It’s perhaps one of the worst things that can happen to a bookworm. A reading slump.
For the last month or so I’ve been stuck in a pretty bad slump. I have many books on my to be read pile which, is taller than me, and I want to read them. I really want to. When I sit down to do just that, what happens? Nothing. I can’t focus. I can’t get into the story. Take away the usual challenges us bookworms face (unable to get comfortable, bad lighting, etc) and multiple those things and their frustration by a thousand and you will have entered the frustration of a reading slump.
So, below are some ways I’ve found that help break out of a reading slump. While none of these are fool proof and my slump isn’t over yet let me tell you I’m much more ready to settle in with a good book now than I was this past weekend when I resorted to doing nearly all of these things.
- Switch Genres
This one is simple. If you’ve been reading about witches and wizards but can’t get into the next fantasy series or part of a current series take a break! I know for me this is difficult, especially if happens mid-series (I always feel obligated to read start to finish, no other books in between) but lately this is the trap I’ve fallen into. So, while I liked Leigh Bardugo’s first book in the Grisha Series, Shadow and Bone I had a hard time getting into it. The writing is good, the plot is interesting but I’d been so far into the fantasy realm lately that I didn’t recognize that I needed a break from it.
- Read something light
Sometimes, if switching genres doesn’t work, I find reading a novella (whether from the same genre or different) will metaphorically wet my whistle and get me excited to read more ASAP. I found this particularly effective when reading the Selection Series by Kiera Cass. The novellas in between the books (The Prince, The Guard, The Queen and The Favorite) were exactly what I needed when I was in between the actual books and trying to get into the next one. Not only did they give a bit more about the characters from the main story but it made me even more intrigued by the main story line which, as an author, is exactly what you want readers to feel.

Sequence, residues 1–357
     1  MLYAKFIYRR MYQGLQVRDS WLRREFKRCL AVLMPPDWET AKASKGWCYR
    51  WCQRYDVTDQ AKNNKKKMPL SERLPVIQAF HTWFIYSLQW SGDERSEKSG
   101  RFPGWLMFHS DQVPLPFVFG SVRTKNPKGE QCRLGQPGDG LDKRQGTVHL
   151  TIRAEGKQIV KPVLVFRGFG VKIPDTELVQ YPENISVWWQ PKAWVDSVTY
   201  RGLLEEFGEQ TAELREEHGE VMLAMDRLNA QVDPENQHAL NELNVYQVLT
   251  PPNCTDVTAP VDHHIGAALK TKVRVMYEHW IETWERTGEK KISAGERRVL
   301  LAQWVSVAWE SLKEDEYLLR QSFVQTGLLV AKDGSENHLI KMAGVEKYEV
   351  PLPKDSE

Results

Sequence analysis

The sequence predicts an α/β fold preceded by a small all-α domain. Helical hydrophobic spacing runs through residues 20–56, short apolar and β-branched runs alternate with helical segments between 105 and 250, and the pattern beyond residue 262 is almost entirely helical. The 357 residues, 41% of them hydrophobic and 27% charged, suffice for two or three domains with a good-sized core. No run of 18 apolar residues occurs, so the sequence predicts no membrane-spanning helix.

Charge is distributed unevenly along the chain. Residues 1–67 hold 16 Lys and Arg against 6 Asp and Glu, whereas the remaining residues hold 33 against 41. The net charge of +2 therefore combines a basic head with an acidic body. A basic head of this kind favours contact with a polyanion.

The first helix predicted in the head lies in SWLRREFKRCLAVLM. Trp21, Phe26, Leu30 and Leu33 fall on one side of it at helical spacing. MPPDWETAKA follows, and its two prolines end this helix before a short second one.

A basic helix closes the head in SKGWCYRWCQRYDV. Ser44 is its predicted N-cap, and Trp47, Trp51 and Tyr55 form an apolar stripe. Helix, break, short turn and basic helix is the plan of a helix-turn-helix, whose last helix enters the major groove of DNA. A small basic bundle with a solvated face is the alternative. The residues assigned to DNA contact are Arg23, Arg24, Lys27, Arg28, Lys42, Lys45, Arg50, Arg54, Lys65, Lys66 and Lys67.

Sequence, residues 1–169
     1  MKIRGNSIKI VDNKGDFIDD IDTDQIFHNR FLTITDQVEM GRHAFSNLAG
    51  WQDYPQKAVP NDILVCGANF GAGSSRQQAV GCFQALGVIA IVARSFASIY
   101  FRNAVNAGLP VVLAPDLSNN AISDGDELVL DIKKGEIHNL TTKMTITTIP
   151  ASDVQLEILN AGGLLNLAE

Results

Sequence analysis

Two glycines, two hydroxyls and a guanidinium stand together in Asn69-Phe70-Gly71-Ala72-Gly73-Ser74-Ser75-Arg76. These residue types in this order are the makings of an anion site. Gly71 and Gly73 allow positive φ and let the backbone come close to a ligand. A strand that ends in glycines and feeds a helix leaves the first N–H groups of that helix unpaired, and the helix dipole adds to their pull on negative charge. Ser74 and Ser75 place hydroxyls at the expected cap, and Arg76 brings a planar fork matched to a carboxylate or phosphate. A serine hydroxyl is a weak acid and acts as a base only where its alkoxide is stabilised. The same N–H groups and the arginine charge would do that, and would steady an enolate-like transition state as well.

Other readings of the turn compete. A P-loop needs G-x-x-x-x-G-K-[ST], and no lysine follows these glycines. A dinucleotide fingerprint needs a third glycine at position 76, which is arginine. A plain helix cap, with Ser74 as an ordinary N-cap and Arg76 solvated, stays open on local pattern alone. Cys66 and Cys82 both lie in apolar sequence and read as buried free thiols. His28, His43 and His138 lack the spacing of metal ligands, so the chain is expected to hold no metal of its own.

- Read reviews
This is huge for me and sometimes this will make or break a slump. If I see someone raving about a new book my interest is piqued. When I see many people freaking out over the same? Well, the old adage of “How can X number of people be wrong?” stands true here. If I see a high average rating on GoodReads and a lot of in depth, fun reviews, I’m more likely to pick up that book and dive right in.
- Re-read an old favorite
Sometimes you need to remember why you love reading. I mean, we all know it’s amazing and a great way to spend your time. However, when you’re in a slump you’re often discouraged about books and reading in general. In my case I feel guilty that I’m not reading with so many books on my pile (and reviews to write for this blog). So, sometimes you need to reset and go back. For me sometimes it’s Harry Potter. Other times I’ve gone way back and read The Outsiders by S.E. Hinton because I distinctly remember reading this book twice in one day.